This Scoop It Board is curated daily to add new content and commentary on market and industry news relevant to A2 micro unit 3 students.read more...»
Here is my current Business Economics glossary designed for the EdExcel unit 3 economics paperread more...»
Here is a streamed version of a revision presentation on market power and pricing suitable for Unit 3 micro studentsread more...»
Matt Smith has been curating a Scoop-It collection of news stories connected to unit 3 microeconomics and specifically the economics of market structures. Click here to view it.
The #econ3 hashtag is a great way for A2 students to follow a growing number of teachers who post ideas, links and advice on Twitter. Likewise use #econ4 for tweets focused on A2 macroeconomics.
I was told off this week by my students for using McDonald's as an example to illustrate my point yet again. In fact it was the second week on the trot that I was reprimanded as they told me previously that I was always peppering my conversation with Latin phrases "'cos it makes you sound more clever."
"No I don't," I replied - I've told my students a million times not to exaggerate. The offending example came as I was attempting to explain how fatty foods (especially those from the exalted temple of the Golden Arches) were a demerit good. I thought about it for a little while and realised that two weeks ago I'd told them about the use of 'stars' to motivate McDonald's staff and their extensive training programmes when we discussed labour productivity. I'd also mentioned them when we discussed possible issues relating to economies of scale and the fact that a homogenised world can lead to less choice (a weak argument in their view - a McDonald's in every town sounded like a wonderful idea) and discussed the use of persuasive advertising as an example of non-price competition. They were right, I seemed to be talking about McDonald's all the time - and I'm a vegetarian!
"Mea culpa," I confessed.read more...»
Assessment failures were 'clearly responsibility of officials and not ministers', Philip Rutnam tells former transport secretary
If the Department of Transport is too incompetent to run a supervised franchised system, how viable is the alternative of a fully nationalised system?
Every cloud has a silver lining! News reports out today confirmed that the original decision to award the next 15 year franchise of the West Coast Rail line to FirstGroup instead of the incumbent Virgin Rail has been rescinded and the bidding process re-opened at a potential wasted cost of £40 million (by the way, have they fixed that leaky roof at your school yet?). This may seem like a fiasco to train users and the general public alike but to us Economics teachers it's a super example of government failing to intervene correctly in a market.read more...»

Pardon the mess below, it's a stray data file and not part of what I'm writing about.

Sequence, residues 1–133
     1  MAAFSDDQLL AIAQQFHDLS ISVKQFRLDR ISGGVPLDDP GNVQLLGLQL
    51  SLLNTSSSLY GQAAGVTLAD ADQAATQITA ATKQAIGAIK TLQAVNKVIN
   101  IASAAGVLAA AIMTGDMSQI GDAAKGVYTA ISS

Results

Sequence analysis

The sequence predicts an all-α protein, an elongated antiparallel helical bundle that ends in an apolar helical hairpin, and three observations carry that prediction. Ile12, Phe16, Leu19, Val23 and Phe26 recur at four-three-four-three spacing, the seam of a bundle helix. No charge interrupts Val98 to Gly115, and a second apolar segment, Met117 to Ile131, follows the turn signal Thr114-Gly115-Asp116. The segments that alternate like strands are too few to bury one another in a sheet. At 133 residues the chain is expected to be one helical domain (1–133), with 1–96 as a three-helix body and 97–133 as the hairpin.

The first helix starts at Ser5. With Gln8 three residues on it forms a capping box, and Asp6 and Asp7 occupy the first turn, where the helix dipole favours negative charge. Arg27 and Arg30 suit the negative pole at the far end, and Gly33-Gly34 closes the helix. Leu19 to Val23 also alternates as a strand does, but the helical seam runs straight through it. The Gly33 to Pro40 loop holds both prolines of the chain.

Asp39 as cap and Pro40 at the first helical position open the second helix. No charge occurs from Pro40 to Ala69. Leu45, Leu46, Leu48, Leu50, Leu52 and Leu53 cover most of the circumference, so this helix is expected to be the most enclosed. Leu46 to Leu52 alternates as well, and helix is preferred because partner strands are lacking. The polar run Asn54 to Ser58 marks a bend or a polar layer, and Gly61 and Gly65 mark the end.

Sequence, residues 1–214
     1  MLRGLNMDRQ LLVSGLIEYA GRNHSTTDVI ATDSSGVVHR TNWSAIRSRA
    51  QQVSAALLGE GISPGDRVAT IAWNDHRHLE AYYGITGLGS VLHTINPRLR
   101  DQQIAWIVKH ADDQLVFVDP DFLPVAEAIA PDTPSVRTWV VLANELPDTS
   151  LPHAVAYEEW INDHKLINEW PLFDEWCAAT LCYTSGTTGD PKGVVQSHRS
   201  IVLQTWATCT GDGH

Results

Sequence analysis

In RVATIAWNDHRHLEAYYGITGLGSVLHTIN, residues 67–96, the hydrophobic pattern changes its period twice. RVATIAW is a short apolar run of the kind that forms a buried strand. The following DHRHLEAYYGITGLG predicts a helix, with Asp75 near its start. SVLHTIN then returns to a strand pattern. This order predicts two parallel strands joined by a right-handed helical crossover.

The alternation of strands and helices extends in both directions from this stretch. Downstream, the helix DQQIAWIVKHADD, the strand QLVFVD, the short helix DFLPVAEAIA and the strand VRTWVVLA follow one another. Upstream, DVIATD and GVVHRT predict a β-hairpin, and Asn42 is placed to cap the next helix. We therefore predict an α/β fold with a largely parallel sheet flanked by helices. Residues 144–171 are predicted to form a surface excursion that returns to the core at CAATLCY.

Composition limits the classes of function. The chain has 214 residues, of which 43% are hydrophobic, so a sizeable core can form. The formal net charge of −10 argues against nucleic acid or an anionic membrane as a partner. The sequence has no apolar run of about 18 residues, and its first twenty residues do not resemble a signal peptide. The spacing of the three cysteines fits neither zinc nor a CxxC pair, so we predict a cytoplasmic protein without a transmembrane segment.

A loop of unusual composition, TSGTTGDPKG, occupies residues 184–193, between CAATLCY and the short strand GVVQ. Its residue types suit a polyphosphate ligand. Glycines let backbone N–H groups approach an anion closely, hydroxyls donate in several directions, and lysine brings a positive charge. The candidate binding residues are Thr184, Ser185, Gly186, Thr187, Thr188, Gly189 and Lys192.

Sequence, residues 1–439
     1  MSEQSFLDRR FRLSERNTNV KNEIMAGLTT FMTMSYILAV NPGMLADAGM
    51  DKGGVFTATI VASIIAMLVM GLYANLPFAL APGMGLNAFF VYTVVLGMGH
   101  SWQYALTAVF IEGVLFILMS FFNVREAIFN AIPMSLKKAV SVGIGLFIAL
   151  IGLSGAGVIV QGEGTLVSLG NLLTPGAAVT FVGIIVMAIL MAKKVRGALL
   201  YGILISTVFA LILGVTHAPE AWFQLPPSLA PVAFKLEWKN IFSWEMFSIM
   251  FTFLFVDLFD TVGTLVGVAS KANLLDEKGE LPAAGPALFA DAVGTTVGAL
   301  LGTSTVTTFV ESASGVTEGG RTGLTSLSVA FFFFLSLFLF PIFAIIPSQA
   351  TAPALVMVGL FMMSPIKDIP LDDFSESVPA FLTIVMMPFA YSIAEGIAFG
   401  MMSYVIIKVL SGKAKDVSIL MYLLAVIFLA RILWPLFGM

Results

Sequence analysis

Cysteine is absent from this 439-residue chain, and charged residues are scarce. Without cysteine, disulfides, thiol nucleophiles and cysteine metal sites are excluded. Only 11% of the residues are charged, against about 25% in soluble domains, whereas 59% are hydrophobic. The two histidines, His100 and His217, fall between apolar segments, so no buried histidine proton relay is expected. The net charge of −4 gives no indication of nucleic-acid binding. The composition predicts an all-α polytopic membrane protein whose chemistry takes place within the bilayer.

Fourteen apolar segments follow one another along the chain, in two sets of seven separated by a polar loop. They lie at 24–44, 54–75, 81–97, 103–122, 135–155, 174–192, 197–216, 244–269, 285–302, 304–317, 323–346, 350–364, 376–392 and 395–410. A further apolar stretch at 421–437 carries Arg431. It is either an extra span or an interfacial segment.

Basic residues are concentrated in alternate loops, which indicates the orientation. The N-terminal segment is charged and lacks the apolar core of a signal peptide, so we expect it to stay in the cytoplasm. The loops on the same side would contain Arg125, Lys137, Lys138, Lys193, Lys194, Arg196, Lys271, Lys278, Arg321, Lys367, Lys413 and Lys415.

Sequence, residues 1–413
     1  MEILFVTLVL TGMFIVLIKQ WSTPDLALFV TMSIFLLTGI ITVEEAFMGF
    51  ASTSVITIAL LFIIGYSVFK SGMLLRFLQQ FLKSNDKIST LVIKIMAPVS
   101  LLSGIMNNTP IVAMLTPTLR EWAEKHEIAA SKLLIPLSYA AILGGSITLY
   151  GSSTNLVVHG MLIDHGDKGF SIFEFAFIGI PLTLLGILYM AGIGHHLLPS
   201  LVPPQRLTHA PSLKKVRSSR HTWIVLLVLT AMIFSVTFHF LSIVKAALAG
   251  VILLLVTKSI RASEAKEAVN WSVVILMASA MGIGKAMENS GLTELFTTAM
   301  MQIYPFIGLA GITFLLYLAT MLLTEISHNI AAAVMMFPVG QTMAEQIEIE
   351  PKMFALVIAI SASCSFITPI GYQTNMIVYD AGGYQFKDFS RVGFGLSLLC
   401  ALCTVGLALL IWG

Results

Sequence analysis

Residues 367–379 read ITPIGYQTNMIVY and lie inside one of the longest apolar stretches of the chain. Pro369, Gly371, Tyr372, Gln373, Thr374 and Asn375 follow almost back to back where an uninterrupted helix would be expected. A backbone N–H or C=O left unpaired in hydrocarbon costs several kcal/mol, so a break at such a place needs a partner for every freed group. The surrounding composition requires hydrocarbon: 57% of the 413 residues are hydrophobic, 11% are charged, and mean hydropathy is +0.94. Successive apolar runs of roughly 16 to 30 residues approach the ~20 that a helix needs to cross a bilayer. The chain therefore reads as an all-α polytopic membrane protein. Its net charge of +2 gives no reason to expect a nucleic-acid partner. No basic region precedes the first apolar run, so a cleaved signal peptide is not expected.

There was a time when if you asked students for an example of a firm with monopolistic tendencies more than 25% of them would give Microsoft as their answer. Those days seemed a thing of the past as first Apple and then the more recent arrival of Google's Android platform suggested we were going tired of watching Bill Gate's egg timer. However, it would seem that the arrival of Windows 8 has brought the good old bad old days of market domination back.read more...»
The milk industry is in the news once again with some dairy farmers threatening to go on strike and limit milk supplies in protest at cuts in the wholesale price of milk offered to them by the major milk processing businesses. I have put together some video resources available from different web sources and built them into a Storify slideshow, as more videos are added the slideshow will be updated automatically.
The English water and sewerage industry was privatised in 1989 and since then household and business consumers have received water services from a regional monopoly business. Companies such as Thames Water or Severn Trent are vertically integrated, water companies, which provide a ‘source to tap’ service: obtaining water from source through abstraction, treating it to an appropriate standard, and providing it to customers’ taps via company-owned infrastructure. Only very large business customers are able to choose their supplier.
In Wales, Glas Cymru is a single purpose water and sewerage company with no shareholders run solely for the benefit of customers. Scotland and Northern Ireland have retained the state-owned model.